Pulitzer Prize–winner Bragg returns to the rural Alabama home turf of Ava’s Man (2001) and All Over But the Shoutin’ (1997) with a double narrative that braids two emotional journeys.
A recent marriage and the baggage that came with it—a ten-year-old stepson who still carried around his “blanky”—led the author to revisit the story of his father Charlie, whom he had previously depicted as an improvident, violent drunk who blighted the lives of Bragg’s mother and two brothers. Here, extensive interviews with friends and relatives of the “Prince of Frogtown” (the neighborhood where Charlie and his brothers lived and battled in the streets) have produced a more dynamic, if not necessarily nobler portrait. In youth, Charlie drag-raced, swept away his best friend’s girl and even stole the keys to the county jail. That was before combat in the Korean War, repeated run-ins with the local sheriff, an increasing taste for alcohol and a TB diagnosis. With considerable discernment, the author traces how his family was formed by a blue-collar town and its hardscrabble past, marked by Indian wars and the Civil War. His native area’s cadences, smooth and rich as bourbon, seep naturally into Bragg’s prose: Paternal grandfather Bob “never met a man he wouldn’t fight at least twice, if insulted, and he intended to slap all the pretty off Handsome Bill Lively’s face.” Alternating chapters on his unnamed stepson, by contrast, resound more with the annoyance Bragg feels at the start than the love he professes at the end, at which point the author sounds uncomfortably self-congratulatory about the maturation of his stepson, now “the man I rushed him to be.”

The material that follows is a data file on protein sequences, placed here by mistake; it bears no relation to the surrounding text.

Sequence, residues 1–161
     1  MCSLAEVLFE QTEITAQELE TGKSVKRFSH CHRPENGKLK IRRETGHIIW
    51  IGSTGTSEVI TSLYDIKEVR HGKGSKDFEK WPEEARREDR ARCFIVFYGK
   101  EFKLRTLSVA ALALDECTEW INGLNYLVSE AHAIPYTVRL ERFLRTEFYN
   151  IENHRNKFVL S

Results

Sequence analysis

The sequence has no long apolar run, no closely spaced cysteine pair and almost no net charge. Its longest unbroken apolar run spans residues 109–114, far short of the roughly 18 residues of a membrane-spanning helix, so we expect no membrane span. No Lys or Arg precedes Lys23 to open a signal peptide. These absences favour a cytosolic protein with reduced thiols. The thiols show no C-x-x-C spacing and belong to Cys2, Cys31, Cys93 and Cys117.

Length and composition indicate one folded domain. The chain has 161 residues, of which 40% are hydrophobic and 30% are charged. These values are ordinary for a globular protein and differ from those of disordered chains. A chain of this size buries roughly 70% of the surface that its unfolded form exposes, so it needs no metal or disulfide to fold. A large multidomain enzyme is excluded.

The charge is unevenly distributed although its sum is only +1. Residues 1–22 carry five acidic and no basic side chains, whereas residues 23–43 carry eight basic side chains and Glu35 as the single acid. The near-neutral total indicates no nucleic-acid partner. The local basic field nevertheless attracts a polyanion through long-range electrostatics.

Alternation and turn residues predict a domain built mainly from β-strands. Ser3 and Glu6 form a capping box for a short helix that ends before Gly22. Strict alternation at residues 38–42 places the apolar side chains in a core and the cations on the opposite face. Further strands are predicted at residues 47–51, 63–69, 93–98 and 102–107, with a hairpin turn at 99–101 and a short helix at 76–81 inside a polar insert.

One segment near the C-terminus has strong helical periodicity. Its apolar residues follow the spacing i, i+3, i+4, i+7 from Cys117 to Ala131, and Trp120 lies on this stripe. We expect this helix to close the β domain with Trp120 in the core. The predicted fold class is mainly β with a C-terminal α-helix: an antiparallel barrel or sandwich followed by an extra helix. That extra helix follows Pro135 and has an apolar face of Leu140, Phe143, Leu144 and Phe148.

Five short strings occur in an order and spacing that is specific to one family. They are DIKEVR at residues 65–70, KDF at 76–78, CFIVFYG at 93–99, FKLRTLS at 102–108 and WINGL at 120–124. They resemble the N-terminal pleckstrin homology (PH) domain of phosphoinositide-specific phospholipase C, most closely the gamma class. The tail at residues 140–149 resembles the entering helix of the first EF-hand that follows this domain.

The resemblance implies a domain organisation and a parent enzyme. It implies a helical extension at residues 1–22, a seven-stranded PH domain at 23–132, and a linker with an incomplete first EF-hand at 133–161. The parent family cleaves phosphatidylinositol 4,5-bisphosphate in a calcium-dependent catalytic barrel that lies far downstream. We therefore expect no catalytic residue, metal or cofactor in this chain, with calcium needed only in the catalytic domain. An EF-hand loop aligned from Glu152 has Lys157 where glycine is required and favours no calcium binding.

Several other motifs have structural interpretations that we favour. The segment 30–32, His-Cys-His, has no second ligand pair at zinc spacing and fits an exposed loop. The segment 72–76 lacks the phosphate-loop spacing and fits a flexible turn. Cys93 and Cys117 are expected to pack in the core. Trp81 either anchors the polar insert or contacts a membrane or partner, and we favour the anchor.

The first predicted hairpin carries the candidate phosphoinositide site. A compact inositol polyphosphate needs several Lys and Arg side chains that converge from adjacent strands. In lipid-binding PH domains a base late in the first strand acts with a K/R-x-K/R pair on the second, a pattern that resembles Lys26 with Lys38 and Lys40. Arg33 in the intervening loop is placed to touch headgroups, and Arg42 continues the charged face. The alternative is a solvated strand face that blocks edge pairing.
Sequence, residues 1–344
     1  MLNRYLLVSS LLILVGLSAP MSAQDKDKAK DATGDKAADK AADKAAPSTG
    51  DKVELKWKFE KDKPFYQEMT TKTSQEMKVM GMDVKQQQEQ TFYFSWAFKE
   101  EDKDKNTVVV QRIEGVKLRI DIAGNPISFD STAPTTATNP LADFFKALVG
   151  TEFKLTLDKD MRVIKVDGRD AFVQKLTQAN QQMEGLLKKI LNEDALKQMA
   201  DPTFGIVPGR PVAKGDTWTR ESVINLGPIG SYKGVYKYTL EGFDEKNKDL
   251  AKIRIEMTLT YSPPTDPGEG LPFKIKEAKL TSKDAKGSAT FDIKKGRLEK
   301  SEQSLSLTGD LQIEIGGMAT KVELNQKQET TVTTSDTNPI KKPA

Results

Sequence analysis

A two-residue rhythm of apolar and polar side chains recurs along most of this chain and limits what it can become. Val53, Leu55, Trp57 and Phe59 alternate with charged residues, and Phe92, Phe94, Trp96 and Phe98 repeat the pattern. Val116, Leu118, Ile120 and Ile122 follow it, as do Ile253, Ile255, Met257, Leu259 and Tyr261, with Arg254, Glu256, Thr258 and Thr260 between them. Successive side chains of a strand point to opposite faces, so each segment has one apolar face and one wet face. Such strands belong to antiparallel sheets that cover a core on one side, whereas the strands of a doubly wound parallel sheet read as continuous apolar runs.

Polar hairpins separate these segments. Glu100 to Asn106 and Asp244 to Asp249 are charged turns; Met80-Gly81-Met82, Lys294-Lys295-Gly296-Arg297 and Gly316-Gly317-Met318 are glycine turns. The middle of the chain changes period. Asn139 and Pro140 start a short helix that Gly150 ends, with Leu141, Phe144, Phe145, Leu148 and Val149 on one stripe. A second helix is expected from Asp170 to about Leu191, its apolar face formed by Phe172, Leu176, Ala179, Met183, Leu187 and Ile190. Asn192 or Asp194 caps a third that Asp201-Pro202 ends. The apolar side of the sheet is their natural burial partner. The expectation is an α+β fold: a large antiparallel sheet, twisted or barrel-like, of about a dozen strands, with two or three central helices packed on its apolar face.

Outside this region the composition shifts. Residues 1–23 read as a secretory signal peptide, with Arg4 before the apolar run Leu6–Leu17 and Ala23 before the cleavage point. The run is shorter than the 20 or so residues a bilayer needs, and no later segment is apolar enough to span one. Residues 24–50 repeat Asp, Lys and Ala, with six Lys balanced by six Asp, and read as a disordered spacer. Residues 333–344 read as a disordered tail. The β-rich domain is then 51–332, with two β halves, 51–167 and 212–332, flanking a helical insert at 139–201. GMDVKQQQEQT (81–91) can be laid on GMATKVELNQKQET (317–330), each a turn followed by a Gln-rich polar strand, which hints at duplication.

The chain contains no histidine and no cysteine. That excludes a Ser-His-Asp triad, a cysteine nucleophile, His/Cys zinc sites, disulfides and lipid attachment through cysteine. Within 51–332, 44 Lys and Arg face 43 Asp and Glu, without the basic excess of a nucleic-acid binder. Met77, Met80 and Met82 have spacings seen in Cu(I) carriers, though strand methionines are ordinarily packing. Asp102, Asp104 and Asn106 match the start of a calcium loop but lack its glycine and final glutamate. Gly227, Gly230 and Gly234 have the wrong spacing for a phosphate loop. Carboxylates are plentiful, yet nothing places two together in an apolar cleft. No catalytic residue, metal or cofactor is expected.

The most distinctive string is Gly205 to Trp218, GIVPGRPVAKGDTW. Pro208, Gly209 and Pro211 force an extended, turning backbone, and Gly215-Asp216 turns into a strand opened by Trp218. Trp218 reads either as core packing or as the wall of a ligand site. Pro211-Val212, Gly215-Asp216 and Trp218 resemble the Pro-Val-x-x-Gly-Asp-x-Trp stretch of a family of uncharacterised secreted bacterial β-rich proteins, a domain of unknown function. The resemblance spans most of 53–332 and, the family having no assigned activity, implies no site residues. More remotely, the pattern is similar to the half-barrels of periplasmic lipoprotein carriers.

A mixed bag, redeemed by the author’s portrait of his father, rendered with rawboned honesty and heartache.